I woke with the generator at 07:00, when I heard the engine come to life and, along with it, the fan and lights in my room. The forecast said it was going to be hot, so I ran fans in the windows as long as I could, then watched the temperature so I could close the windows.

The kids had started school (remotely, because COVID-19) at the end of the previous week, so I made sure they had desks set up and could log into their classes. As of this fall, Calvin is now in sixth grade, which counts as middle school; he has six periods during the day and several different teachers, each with their own video conferences. Julian had only one, half-hour-long Zoom call starting at 08:30; his teacher is gradually building up his schedule, starting with "how to Zoom"; by his third day in school he was learning hand signals to interact on the video, and could mute and unmute himself better than most adults.

Julian on his kindergarten Zoom call
Julian on his kindergarten Zoom call

Julian is starting kindergarten remotely this year; our official policy is that we'll enroll him in school and continually evaluate to see if it's working, up to and until the point next year when we decide whether he should advance to first grade or do kindergarten again, based on whether he's learned what he ought to know. One of the problems he's stuck with for his entire formal education is that I expect many of his classmates will delay entering school until next year, so his class will be small and the next class will be huge, and it'll be a challenge every school he attends will have to deal with (no doubt some will deal with it better than others).

CZU August Lightning Complex smoke
CZU August Lightning Complex smoke

In addition to the heat, there was another atmospheric complication: the lightning storm had sparked several fires, known collectively as the "CZU August Lightning Complex" (which was soon somewhat simplified to "CZU Lightning Complex"; "CZU" is the name for the local CalFire wildland firefighting unit covering Santa Cruz and San Mateo counties). The nearby fires dumped smoke into the air, turning the sky gray and the sunlight a pallid yellow. Depending on how the wind was blowing we might smell smoke. When the outside air cooled down enough I had to consider the outside air quality. I pulled out the indoor air purifiers we bought two years ago and ran them indoors as long as the power lasted.

On Monday afternoon the temperature at my desk got up to 88°F by the time I decided I was done working.

Calvin DMs a tabletop RPG for Sharon and Julian
Calvin DMs a tabletop RPG for Sharon and Julian

The generator power went off overnight again, then came back Tuesday morning. I obsessively reloaded PG&E's outage-tracking site and watched other outages in the area get fixed and waited for the state they were reporting for my outage to change. By Tuesday morning the reported "Found a broken power pole in the area" and "PG&E repair crew is on-site working to restore power" but estimated the time of repair by Wednesday night. I spent some time on Tuesday trying to build my own evaporative cooler by attaching a wet sheet to a box fan, but it didn't really seem to be very effective at cooling my room. (The indoor humidity, according to the sensor I had sitting on my desk, ranged between 25% and 45%, so I figured I could jack up the humidity by a significant margin before I started to feel it.) By Tuesday afternoon the temperature in my office had gotten up to 89°F so I decided we were going to the beach.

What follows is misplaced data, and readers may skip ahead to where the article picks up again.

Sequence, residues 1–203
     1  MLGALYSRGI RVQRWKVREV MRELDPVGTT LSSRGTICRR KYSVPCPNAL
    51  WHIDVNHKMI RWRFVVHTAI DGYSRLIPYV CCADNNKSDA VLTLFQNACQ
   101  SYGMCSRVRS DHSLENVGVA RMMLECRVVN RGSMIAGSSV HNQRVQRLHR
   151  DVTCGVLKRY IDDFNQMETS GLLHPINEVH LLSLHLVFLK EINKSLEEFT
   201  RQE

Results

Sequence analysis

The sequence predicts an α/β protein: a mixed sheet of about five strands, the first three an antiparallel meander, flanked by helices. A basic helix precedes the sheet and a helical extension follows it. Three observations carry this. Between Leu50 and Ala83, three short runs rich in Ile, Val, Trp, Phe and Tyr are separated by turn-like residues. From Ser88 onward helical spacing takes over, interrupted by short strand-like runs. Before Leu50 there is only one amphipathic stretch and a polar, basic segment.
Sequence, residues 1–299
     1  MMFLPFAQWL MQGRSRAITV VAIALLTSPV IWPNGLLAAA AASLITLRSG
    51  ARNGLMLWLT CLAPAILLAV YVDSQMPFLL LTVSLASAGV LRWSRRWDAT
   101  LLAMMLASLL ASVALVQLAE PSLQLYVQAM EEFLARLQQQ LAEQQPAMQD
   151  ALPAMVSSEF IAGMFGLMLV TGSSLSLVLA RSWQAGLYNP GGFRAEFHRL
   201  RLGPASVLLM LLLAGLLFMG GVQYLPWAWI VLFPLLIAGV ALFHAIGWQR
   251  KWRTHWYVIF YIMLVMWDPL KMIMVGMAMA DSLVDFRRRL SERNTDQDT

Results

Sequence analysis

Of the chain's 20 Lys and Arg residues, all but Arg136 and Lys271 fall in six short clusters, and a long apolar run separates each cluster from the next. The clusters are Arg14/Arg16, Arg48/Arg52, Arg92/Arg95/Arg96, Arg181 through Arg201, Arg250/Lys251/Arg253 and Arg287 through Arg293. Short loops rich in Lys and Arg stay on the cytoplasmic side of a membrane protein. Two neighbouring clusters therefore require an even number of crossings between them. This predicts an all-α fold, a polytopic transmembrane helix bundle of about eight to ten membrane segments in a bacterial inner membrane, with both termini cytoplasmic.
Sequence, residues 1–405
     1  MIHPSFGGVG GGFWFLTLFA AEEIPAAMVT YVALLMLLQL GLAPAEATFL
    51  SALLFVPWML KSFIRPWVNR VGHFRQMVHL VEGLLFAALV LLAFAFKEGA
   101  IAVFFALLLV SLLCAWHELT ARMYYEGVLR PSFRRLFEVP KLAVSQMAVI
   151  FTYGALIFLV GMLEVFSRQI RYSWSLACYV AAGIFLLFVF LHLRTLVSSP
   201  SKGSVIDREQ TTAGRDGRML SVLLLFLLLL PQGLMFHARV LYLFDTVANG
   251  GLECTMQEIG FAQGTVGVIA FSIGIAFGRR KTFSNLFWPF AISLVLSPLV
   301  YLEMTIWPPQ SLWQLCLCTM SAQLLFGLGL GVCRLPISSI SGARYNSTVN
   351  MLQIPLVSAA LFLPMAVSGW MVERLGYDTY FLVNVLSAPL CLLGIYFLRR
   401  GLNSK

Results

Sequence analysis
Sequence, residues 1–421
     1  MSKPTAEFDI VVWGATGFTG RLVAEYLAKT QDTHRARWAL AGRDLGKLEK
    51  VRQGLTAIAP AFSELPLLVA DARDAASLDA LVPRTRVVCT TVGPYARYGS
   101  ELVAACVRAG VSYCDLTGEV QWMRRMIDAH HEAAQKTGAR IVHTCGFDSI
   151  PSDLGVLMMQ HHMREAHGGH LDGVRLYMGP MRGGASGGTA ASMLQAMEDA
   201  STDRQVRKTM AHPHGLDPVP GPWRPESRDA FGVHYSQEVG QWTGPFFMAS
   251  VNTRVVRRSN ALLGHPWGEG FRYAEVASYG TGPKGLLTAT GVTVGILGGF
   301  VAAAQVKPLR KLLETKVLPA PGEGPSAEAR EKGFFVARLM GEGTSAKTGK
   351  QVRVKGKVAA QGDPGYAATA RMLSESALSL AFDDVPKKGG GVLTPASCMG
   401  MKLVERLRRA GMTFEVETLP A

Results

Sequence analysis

(I had to drag Calvin away from his computer to go to the beach. I could only imagine him complaining online, "I'm sorry I have to go, my dad is making me go to the beach.")

I gathered camp chairs, the beach towels I could find (in our partially-unpacked state) and a long-sleeved shirt for Julian (though it seemed ridiculous to be packing for cold weather given how hot it was) and drove to the nearest beach, a half-hour away in Capitola. I played with Julian in the waves, then went to get pizza, and we ate pizza sitting under the setting sun, the sky golden from the nearby wildfires, the air delightfully cool compared to the top of the mountain.

Julian eats pizza on the beach in Capitola
Julian eats pizza on the beach in Capitola

I left my laptop in front of my open window on Tuesday night, and by Wednesday morning ash had fallen on it like snow.

Wildfire ash fallen on laptop
Wildfire ash fallen on laptop

Our power finally came back on Wednesday afternoon, and I immediately turned the air conditioner on and watched the temperature in my office drop from an uncomfortably-warm 84°F to a much-more-reasonable 79°F. And then, that night, the outside temperature dropped below 80°F for the first time in days, making it that much easier to cool the house overnight. I was grateful for the generator that kept my Internet and fans running; and I couldn't help but wonder if I should invest in evaporative cooling in case this happens again.

It's probably a mistake to let filmmakers talk about their films.
- James Cameron, _The Abyss_ Special Edition